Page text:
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For previous years (2012-2019) see the links on the Whitlingham Bird List page.

THORPE MARSH: Spring insects & migrants

1st May 2017

There had been a number of migrants seen passing through Whitlingham and Thorpe over the bank holiday weekend, so I was keen to check out both on the Monday before returning to work. I arrived at Thorpe Marsh and immediately noted some small hoverflies on a nearby buttercup. They had a slim waist, and I suspected that they were a species of Neoascia, a genus that I had not recorded before. A selection of photographs from different angles were enough to confirm later that they were Neoascia meticulosa.

I took the riverbank path first, an immediately noticed that Sedge Warblers were particularly in evidence (I heard at least 14 around the site on my visit, but that is an undercount). Turning the corner towards the viewpoint I heard my first Garden Warbler singing from some bramble scrub, although it was very skulking. Tow Common Sandpipers were making their way along the western edge of the broad, and a brood of Greylag goslings were also present. The Great-crested Grebe was still on its nest - two young were seen the following day.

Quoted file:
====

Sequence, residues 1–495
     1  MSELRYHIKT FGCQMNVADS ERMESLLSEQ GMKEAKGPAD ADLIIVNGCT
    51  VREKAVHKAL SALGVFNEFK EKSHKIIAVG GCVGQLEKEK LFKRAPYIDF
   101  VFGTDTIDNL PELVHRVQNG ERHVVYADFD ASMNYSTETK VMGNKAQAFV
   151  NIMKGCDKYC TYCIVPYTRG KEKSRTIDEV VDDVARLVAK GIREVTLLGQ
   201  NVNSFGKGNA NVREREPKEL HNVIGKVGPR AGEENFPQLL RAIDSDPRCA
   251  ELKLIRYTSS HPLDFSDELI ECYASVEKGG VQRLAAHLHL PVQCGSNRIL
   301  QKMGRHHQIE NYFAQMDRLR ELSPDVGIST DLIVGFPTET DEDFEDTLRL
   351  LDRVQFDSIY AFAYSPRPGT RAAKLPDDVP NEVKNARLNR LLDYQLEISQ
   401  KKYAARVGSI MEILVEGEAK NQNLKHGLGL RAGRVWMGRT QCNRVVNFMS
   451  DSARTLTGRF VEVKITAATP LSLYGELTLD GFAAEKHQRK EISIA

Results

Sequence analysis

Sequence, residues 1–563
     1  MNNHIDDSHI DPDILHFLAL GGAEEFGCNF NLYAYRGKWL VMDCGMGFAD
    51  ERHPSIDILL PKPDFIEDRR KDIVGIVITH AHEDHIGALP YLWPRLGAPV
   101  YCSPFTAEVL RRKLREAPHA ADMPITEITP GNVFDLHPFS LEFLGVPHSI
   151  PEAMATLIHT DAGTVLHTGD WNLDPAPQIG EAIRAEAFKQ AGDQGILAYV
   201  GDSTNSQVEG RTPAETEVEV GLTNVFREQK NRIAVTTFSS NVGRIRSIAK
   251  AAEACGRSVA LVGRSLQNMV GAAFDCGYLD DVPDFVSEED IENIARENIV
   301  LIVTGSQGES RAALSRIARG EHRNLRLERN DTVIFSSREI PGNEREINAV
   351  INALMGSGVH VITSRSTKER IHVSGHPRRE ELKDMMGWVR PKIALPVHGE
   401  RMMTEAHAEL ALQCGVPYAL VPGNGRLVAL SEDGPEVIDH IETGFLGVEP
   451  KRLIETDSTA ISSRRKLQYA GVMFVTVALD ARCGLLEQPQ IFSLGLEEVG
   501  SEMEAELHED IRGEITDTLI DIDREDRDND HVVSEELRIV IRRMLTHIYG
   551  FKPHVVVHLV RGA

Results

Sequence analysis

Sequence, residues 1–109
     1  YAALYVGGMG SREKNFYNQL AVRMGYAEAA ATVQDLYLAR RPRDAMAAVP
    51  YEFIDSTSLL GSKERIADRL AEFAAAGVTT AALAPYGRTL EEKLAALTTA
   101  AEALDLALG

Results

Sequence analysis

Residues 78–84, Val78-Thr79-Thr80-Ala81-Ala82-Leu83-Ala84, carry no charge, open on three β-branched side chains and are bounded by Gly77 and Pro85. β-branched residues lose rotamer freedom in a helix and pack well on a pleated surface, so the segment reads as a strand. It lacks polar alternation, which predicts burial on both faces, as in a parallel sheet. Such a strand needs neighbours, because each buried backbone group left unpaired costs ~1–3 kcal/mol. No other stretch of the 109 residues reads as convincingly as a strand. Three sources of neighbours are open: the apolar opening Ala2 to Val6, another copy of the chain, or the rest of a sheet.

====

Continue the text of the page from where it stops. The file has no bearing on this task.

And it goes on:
After a quick chat with Mike, who was sat on one of the viewpoint benches, I carried on along the edge of the woods towards Bungalow Lane. Here I heard and saw my first Reed Warbler of the year. Walking down Bungalow Lane I stopped to admire a female Orange-tip nectaring on Garlic Mustard (one of its foodplants, although it tends to mostly use Cuckoo Flower here as the commoner species). A short burst of Grasshopper Warbler reeling came from Griffin Fen to the east, and shortly afterwards I heard more prolonged reeling from a bird on Thorpe Marsh itself. 

My final interesting sighting of the visit was an Andrena haemorrhoa bee sheltering at the edge of the path. Incidentally there was a poster up advertising pond-dipping, which will take place on the final Sunday of each month over the summer if anyone is interested. I think it was 10-12, but best check if you are travelling any distance.

I then headed round to Whitlingham, which was very busy, due in part to a swimming race at the western end. Heading down to the island there were lots of terns flying back and forth. I saw a total of eight Arctic Terns, with a least one Common Tern in the area too. I love watching terns swooping over the water, so spent a while watching them before heading home for lunch.

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